Friday 28 October 2022, 14:45

Children embracing Football for Schools in Indonesia

  • Two-day Football for Schools course launched in Indonesia on Wednesday

  • Thirty teachers and 100 school kids attended

  • Football passion being developed in South East Asia’s most populous nation

Indonesia, with a population of over 270 million, are never short of football passion. Big strides have been made in Indonesia over recent years under the guidance of the Football Association of Indonesia (PSSI) and with the 2023 FIFA U-20 World Cup Indonesia™ kicking off in just over six months’ time, the Southeast Asian country are looking in earnest to showcase their progress in front of the watching world. The next generation of youngsters had the opportunity to display their enthusiasm for the world game as the first Football for Schools (F4S) course took place this week in the capital, Jakarta.

PSSI President Mochamad Iriawan (L) and Fatimata Sidibe from Football for Schools programme pose for a photo during a Football for Schools course in Indonesia

Launched in 2019 by FIFA in collaboration with UNESCO, the F4S programme aims to make football accessible to both boys and girls across the globe by incorporating football activities into the education system, empowering the youngsters with valuable life skills and competencies through football. These objectives were implemented throughout the two-day F4S course in Indonesia. Entitled the ‘FIFA Football for Schools Capacity Building Workshop’, the course reached out to 300 local school kids and 30 teachers. Launched at Gelora Bung Karno Complex of Jakarta, the course conducted by three FIFA experts included both theoretical and practical sessions aimed at instilling footballing philosophy into these young minds and educating them with life skills and competency.

Indonesian legend Bambang Pamungkas with kids during the Football for Schools course in Jakarta.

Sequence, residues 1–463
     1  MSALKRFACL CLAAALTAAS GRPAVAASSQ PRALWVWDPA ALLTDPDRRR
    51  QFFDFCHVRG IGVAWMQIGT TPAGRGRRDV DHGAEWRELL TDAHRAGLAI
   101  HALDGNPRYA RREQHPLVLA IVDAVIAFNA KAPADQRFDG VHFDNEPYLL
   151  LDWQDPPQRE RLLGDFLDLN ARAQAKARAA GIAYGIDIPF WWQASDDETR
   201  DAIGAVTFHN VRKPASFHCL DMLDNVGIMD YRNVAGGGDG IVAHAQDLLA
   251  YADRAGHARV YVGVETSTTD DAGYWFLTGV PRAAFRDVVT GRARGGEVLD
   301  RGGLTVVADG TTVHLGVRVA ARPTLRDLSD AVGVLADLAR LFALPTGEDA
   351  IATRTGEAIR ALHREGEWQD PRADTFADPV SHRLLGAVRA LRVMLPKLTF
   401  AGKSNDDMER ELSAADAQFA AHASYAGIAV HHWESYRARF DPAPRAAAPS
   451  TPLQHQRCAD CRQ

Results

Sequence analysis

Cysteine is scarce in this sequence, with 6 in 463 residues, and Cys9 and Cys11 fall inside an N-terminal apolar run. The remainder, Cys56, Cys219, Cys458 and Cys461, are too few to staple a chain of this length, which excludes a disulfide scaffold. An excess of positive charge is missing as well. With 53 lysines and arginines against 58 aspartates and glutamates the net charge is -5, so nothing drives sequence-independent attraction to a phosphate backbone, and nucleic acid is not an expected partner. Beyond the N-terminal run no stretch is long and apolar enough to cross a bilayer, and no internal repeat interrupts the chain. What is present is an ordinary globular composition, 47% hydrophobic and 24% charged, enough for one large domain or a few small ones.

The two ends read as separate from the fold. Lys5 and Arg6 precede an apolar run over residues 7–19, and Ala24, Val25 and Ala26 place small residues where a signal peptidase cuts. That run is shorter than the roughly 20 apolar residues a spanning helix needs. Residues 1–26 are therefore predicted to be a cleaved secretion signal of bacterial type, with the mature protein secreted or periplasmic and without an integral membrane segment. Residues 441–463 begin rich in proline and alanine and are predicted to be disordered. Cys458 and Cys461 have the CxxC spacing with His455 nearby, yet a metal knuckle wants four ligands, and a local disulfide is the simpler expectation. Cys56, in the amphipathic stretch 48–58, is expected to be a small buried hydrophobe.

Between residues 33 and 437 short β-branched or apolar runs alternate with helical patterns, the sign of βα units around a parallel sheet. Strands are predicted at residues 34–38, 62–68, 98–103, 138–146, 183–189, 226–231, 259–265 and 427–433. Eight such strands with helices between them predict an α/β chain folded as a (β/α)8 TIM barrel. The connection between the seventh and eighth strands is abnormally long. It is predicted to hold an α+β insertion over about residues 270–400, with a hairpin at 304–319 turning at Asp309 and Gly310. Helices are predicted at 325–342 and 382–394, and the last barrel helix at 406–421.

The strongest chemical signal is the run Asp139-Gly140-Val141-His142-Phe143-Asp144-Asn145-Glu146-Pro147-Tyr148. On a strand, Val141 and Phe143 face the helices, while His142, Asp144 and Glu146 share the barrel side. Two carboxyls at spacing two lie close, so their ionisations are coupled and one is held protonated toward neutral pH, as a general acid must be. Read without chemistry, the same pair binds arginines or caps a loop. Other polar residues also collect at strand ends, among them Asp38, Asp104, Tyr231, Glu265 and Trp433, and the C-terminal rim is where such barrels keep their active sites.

Among the attendees were local superstars Bambang Pamungkas and Marco Motta, while PSSI President Mochamad Iriawan offered words of inspiration for the attendees, saying: “This program is not just about football or school, This is a life lesson. Instructors, coaches, and teachers will be role models and have a strong influence on children. After this program, you will have a strong relationship with each other. “I hope that in 10 or 15 years the children here, male or female, can become stars in the football or in other fields. What is certain is that it can make a real contribution to our beloved country, Indonesia. You are the future of Indonesia. You are Indonesian. With different cultural and religious backgrounds, you come here to play and learn together.”

Attendees pose for a photo during a Football for Schools course in Indonesia

Alexandre Gros, FIFA Football for Schools Project Leader, said: "Our goal in Indonesia is for as many children as possible, boys and girls, to have the opportunity to have a fun-first contact with the sport of football at school. The overall objective is two-fold: increasing participation in the game and ensuring that the children learn some important life-skills and values through the game." The course started with the teachers downloading a free F4S application where they can continue football education online. This is a tool which includes hundreds of hours of videos tutorials of delivering educational messages and conducting grassroots football coaching sessions for children aged between 4 and 14.

"Our F4S app is already available in 25 languages including Indonesian, with many more to come," continued Gros. "It means that PE teachers from across the planet will have access to the knowledge contained in this app. By making the app available to anyone and everyone in Indonesia with a smartphone (simply type ‘FIFA Football for Schools’ in Google Play or the App Store) for free, and delivering hundreds of thousands of size 4 adidas balls to schools, we hope to democratise access to football coaching in particular through the physical education (PE) teachers in schools." As the worlds fourth largest and Southeast Asia's most populous nation, Indonesia’s footballing potential is enormous. Understandably, Gros has high hopes of F4S making a growing impact in the football-mad nation. "All the ingredients are present for a programme such as Football for Schools to be successful so we expect big things from this project in Indonesia, both in terms of numbers reached and impact. But beyond that, in terms of influence that the game of football can have on the citizens of tomorrow, Football for Schools can plant the seeds for important notions of personal development, relationships, respect, equality, health (both physical and mental) and hundreds of other crucial topics thereby encouraging children to stay in school, pick up healthy habits and keep learning through life," he concluded.